agreement, conditions of the contract, and Division 1 specification sections. This is the
keystone of specification writing principles.
Specification Section Numbers and Titles: The Construction Specifications
Institute (CSI) and Construction Specifications Canada (CSC) jointly publish a document
called MasterFormat© which is the master list of numbers and titles for organizing
information about construction requirements, products, and activities into a standard
sequence. In addition to other applications MasterFormat is the de facto North American
standard for assigning numbers and titles to specification sections. CSI and CSC
periodically update MasterFormat according to the changing construction industry.
MasterFormat expands the 16 divisions by assigning a 5-digit number to construction
subjects. The system of numbers is open and flexible to allow user assigned numbers for
MasterFormat has been adopted by
all Federal government agencies and the private sector design and construction industry
throughout the U.S. and Canada. ARCOM (3) uses MasterFormat to assign numbers and titles
to the sections of MASTERSPEC.
Mechanical insulation is located in Division 15Mechanical, Section 15080. The first two
digits of the section number are the division number followed by three more digits that
provide the standard location of mechanical insulation in Division 15. The benefit of this
standard location is that mechanical insulation can always be found in this location from
project to project and from region to region across the U.S. The objective is ease of
Specifiers can choose to write a
single section (15080Mechanical Insulation) or write several more narrowly scoped sections
that limit the content to particular types of mechanical insulation. For example,
mechanical insulation can be divided into three sections: Section 15081Duct Insulation;
Section 15082Equipment Insulation; and Section 15083Pipe Insulation.
Standard arrangement of
information within specification sections is the objective of the CSI/CSC SectionFormat©.
Retrieval of information continues to be the objective for this concept. Each
specification section is divided into three parts. These parts are Part 1-General, Part
2-Products, and Part 3-Execution. Each part includes particular information about the
subject of the section. These three parts are fixed in number and title and are included
in all specification sections.
Part 1 - General
supplements the "general requirements" in Division 1 sections by setting
particular requirements about the materials and workmanship included in the section. In
the case of mechanical insulation, it sets particular requirements for submittals, quality
assurance, and other administrative requirements for mechanical insulation.
Example: Division 1 Section
"Submittals" specifies general requirements for the procedures, including
quantities, distribution, and actions to be taken by each party. In the Part 1
"Submittals" Article of a specification section, particular requirements about
what to submit are specified.
Part 2 - Products
contains provisions that set the quality requirements for the products, by describing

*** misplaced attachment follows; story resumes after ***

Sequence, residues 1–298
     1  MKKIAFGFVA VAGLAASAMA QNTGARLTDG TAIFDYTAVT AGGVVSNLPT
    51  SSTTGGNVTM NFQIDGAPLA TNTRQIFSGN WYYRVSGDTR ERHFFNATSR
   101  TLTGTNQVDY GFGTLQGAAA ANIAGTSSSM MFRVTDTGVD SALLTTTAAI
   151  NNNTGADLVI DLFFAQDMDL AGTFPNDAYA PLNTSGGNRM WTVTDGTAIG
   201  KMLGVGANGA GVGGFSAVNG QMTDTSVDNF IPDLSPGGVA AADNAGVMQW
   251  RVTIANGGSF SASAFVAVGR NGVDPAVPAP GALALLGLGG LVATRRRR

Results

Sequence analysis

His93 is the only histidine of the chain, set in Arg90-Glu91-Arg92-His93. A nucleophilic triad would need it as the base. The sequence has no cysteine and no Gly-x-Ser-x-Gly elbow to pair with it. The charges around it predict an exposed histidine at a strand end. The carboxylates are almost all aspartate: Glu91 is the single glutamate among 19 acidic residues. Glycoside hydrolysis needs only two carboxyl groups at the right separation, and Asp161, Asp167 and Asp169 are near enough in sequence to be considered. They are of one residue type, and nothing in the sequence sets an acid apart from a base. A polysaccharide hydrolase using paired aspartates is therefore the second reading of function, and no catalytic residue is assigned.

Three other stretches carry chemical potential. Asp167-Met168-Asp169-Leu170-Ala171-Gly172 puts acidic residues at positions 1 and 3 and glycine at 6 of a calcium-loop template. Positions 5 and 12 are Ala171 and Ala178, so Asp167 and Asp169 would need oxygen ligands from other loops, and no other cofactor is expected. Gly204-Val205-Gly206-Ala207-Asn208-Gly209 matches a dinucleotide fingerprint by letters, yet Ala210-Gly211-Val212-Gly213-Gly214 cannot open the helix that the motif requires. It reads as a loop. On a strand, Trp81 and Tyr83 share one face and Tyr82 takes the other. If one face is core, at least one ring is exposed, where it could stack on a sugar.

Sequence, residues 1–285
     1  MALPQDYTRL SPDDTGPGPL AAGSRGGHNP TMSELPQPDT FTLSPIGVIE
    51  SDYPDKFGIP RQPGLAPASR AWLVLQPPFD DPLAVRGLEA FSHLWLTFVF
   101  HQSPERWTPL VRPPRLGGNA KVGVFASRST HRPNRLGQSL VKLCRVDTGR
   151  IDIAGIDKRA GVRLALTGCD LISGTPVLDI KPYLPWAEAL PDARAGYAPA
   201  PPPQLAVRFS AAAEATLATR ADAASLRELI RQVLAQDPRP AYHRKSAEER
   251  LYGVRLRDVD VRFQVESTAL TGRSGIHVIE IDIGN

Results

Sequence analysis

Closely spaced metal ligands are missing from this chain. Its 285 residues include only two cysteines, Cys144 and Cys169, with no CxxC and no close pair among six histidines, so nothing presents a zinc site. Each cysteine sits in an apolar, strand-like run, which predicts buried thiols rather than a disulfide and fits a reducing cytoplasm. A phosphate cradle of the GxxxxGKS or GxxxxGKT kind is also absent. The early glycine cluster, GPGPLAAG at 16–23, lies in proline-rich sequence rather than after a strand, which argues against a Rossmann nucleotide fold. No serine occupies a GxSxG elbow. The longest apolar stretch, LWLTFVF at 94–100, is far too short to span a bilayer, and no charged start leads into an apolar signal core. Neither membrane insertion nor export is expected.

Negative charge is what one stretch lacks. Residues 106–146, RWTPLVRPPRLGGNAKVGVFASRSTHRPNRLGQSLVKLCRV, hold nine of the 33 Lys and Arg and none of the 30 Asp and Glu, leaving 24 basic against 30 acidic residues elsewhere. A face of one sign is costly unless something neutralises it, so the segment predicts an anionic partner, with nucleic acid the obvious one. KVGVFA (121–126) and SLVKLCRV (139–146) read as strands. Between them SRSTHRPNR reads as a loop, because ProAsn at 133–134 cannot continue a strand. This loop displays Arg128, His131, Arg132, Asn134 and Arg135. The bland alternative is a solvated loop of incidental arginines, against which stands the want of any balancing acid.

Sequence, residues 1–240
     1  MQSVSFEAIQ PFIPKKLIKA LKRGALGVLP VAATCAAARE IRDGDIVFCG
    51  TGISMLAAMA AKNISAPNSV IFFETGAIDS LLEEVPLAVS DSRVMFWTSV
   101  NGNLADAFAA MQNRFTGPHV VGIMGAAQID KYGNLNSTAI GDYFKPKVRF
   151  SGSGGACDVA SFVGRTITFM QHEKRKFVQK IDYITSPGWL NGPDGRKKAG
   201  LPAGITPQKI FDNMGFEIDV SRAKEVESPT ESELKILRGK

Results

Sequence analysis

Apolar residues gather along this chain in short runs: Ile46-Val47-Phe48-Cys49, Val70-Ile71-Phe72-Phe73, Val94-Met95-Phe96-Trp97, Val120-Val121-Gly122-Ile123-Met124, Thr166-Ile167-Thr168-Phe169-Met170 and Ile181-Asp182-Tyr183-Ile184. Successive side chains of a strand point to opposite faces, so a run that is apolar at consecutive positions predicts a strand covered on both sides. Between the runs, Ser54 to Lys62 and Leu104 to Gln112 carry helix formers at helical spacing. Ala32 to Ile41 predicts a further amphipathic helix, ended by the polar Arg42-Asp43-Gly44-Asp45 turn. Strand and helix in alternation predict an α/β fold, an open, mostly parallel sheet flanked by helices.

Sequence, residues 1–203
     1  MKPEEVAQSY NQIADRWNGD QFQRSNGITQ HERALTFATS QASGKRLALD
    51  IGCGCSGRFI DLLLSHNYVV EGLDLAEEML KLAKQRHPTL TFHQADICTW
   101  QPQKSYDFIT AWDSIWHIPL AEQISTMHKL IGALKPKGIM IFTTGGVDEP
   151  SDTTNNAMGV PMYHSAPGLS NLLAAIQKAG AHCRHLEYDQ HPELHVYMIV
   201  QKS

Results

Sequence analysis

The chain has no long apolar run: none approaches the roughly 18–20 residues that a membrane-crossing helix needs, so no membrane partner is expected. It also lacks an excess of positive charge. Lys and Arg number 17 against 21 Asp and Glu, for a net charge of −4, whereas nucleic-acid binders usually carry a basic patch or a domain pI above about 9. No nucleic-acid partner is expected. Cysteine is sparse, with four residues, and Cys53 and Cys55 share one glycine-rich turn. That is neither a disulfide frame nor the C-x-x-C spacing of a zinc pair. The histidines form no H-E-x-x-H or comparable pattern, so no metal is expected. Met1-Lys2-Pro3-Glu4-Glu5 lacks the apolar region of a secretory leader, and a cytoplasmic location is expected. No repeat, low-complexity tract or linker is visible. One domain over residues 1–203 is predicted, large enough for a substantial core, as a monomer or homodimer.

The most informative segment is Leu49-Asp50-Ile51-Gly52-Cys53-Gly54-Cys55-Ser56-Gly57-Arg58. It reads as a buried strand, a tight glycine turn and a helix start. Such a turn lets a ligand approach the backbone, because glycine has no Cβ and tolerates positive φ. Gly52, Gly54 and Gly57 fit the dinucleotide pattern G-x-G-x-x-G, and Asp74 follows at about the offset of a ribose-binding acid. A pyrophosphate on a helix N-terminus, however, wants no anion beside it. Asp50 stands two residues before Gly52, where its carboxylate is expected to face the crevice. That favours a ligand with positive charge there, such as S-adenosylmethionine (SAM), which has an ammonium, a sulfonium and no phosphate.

materials, products, equipment and, if applicable, manufacturing tolerances and factory
Part 3 -
Execution specifies how the products described in Part 2 are incorporated into the work,
specifies workmanship quality requirements without dictating contractor means and methods,
and sets field quality-control testing requirements.
In each of the three parts, a
standard sequence of articles and paragraphs exists. Suggested articles and paragraphs
should be retained only if they apply to the subject of the section and, when retained,
they should be arranged in the recommended sequence. This continues the objective easy
retrieval of information.
Page layout and article and
paragraph numbering are presented in the CSI/CSC PageFormat©. This document suggests
alternative numbering schemes, recommendations for margins, spacing between articles and
paragraphs, and other format issues. The most important feature of this document is the
article and paragraph numbering schemes that provide an address for specification text.
This addressing feature helps reference information.
METHODS & SPECIFYING
Several methods exist in which to write specification requirements to describe
products. These methods are presented here in summary only, and each describes each method
in its purest sense. Most specifications employ combinations of these methods to create a
complete set of requirements.
method is a detailed, written description of the required properties of a product,
material, or piece of equipment, and the workmanship required for its proper installation.
In its purest form, proprietary information is not used. This method results in lengthy
specifications. The burden of performance of the described product, material, or
workmanship rests with the specifier. Use this method when proprietary information is
prohibited (e.g., on public-funded projects) or when adequate standards are not available
to use as references.
Nationally recognized standards are used by reference in this method to eliminate writing
lengthy descriptions. The American Society for Testing and Materials is one of many
recognized standards-producing organizations in the U.S. Standards are developed by
consensus and usually set minimum requirements that may not be sufficient to suit project
requirements. Poor standards exist with good standards, and most standards include hidden
choices that must be made and included in the citation within the specification. Such
choices include grades, types, classes, and other choices to allow for various levels of
quality and various alternative or optional attributes. Standards are constantly updated,
withdrawn, or replaced by other standards. Use of this method requires the specifier to
know the standard and to incorporate it correctly and completely within the specification.
Reliance on citations in previous project specifications without current knowledge of the
cited standard can result in inaccurate, incorrect, or obsolete references.
end result is specified in this method rather than the way to achieve the end result. A
performance specification also must include criteria by which performance is verified.